Since buying Cascade Cliffs Vineyard & Winery near Wishram, Lorkowski has expanded its offerings with varieties including Nebbiolo and Barbera.
BOB LORKOWSKI remembers his parents loading up the family car with grapes to take home and make wine, a hobby that was out of the mainstream in Pennsylvania.
The fermentation arts came naturally to the family, dating to when his grandfather made moonshine during Prohibition. After graduating from Penn State in 1988, Lorkowski couldn’t find a job. Remembering a bottle of Leonetti Cellars wine he’d found at a state liquor store, he moved across the country, working at Pike & Western Wine Shop and Cavatappi Distributing in Seattle. He learned winemaking from the owners of Chinook Wines in Prosser and started his own small label.
He started buying grapes from Don Graves, an early grape grower in the Columbia Gorge region. He got to know the area around that time, and met Ken Adcock, who had launched Cascade Cliffs Vineyard & Winery in 1986 near the tiny community of Wishram. The vines sit just above the Columbia River and just below ancient basalt cliffs, with Mount Hood rising out of the horizon in the distance.
Three to try
These wines are available through the winery’s tasting rooms, or can be ordered directly from the winery. The logo on the label is a petroglyph found near Horsethief Lake State Park.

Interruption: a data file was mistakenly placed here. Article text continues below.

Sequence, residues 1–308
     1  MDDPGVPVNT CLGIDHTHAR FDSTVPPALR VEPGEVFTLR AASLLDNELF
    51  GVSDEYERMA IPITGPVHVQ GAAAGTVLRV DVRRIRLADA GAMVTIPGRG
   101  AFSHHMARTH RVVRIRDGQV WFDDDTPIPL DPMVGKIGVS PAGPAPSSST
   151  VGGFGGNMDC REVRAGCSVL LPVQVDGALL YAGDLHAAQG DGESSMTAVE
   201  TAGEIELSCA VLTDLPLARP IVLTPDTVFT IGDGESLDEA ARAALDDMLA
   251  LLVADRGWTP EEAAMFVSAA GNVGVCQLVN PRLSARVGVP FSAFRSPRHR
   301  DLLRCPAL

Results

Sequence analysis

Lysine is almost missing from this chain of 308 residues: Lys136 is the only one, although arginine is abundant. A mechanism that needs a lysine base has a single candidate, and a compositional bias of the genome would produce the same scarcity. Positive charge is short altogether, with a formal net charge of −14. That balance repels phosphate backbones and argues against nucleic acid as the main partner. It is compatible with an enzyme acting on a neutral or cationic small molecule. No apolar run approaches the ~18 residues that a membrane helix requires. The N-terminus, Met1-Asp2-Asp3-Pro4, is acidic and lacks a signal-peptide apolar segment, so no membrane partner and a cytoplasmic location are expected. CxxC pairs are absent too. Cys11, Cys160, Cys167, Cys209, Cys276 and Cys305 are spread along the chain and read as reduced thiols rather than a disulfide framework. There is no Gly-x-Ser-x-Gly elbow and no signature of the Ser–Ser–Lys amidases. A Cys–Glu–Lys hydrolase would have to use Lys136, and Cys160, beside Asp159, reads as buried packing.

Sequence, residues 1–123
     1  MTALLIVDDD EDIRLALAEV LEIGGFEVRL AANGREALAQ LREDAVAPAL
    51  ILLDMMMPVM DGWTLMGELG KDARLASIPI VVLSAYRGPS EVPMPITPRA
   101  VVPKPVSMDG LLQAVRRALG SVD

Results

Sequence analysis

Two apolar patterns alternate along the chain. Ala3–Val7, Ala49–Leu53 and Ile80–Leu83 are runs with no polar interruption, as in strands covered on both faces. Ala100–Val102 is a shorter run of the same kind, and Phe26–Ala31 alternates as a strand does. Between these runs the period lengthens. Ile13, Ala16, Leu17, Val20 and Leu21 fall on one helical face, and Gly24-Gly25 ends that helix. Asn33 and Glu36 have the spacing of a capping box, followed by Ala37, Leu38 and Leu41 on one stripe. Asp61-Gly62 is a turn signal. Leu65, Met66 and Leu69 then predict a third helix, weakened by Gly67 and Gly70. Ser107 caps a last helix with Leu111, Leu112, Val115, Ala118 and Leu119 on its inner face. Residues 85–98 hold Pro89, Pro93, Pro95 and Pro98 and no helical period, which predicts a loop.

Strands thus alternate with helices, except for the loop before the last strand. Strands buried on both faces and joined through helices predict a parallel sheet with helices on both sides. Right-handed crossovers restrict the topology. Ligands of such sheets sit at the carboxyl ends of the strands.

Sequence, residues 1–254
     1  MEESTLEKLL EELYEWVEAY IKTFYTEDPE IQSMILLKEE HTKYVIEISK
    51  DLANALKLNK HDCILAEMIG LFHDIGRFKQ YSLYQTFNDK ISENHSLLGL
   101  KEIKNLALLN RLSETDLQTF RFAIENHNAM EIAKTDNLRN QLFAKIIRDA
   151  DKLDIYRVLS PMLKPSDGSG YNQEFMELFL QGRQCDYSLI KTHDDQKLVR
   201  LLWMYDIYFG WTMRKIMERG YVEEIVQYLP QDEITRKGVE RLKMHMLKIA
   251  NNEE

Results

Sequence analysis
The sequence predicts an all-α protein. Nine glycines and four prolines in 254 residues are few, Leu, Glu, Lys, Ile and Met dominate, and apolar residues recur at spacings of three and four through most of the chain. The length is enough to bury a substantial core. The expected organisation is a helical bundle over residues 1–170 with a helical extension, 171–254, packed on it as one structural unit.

Cascade Cliffs Vineyard & Winery 2016 Nebbiolo, Horse Heaven Hills, $50: Lighter color belies the power of this red. It leads with notes of dried cherries, strawberries and French vanilla, backed by firm yet pliable tannins. A sturdy wine that should age beautifully.
Cascade Cliffs Vineyard & Winery 2016 Barbera, Columbia Valley, $15: Bold aromas of black cherry, black pepper and black currants. Bold flavors of ripe fruit, including back cherries and plum, with just a hint of oak.
Cascade Cliffs Vineyard & Winery 2016 Reserve Barbera, Horse Heaven Hills, $80: Bold, alluring aromas of black licorice, ripe plum and black pepper, followed by intense flavors of ripe huckleberries, blueberries, cherry and plum, backed by round and rich tannins.
Lorkowski bought the winery and 5 acres of vines in 1997, since then expanding it to 23 acres. Lorkowski enjoys making wines from out-of-the-mainstream varieties, particularly favoring those from Italy’s Piedmont region, including Nebbiolo and Barbera. His Nebbiolo, a bit of a rarity in the Northwest, is well-made and ages beautifully for those with a cellar and some patience.
Most Read Stories
- Many of the earliest COVID ‘long-haulers’ still suffer; Seattle researchers are trying to figure out why
- How to get a COVID-19 vaccine in Seattle, King County and Washington state
- Coronavirus daily news updates, January 25: What to know today about COVID-19 in the Seattle area, Washington state and the world
- Millions of stimulus payments were mailed as prepaid debit cards. Some say they look like scams.
- DNA puts a name to one of the last unidentified victims of the Green River killer
He was among the first in Washington to make petite sirah, but ultimately pulled out his half-acre of those Rhone vines because of disease. Today, he’s making nearly 10,000 cases of wine, using a combination of estate grapes and those purchased from vineyards in the Horse Heaven Hills and Wahluke Slope.
Today, Lorkowski has tasting rooms in Hood River, Oregon, 30 miles to the west. He also operates a tasting room in Woodinville and this fall is opening a location in Portland’s Pearl District. He’s also considering a tasting room in Seattle’s Georgetown neighborhood, an area that has seen a lot of those in recent years. He might even set up a production facility there, needing more wine to feed his tasting rooms.